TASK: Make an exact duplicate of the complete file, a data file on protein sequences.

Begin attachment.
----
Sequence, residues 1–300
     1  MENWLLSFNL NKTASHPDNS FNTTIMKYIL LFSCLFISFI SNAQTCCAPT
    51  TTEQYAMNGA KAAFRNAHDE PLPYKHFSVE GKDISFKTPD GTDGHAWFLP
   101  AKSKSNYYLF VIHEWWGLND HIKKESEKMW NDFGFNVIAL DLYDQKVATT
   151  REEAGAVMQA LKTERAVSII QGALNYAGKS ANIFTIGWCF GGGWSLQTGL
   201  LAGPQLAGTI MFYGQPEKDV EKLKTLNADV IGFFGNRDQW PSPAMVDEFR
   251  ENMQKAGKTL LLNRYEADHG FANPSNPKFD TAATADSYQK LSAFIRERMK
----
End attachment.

Sequence, residues 1–300
     1  MENWLLSFNL NKTASHPDNS FNTTIMKYIL LFSCLFISFI SNAQTCCAPT
    51  TTEQYAMNGA KAAFRNAHDE PLPYKHFSVE GKDISFKTPD GTDGHAWFLP
   101  AKSKSNYYLF VIHEWWGLND HIKKESEKMW NDFGFNVIAL DLYDQKVATT
   151  REEAGAVMQA LKTERAVSII QGALNYAGKS ANIFTIGWCF GGGWSLQTGL
   201  LAGPQLAGTI MFYGQPEKDV EKLKTLNADV IGFFGNRDQW PSPAMVDEFR
   251  ENMQKAGKTL LLNRYEADHG FANPSNPKFD TAATADSYQK LSAFIRERMK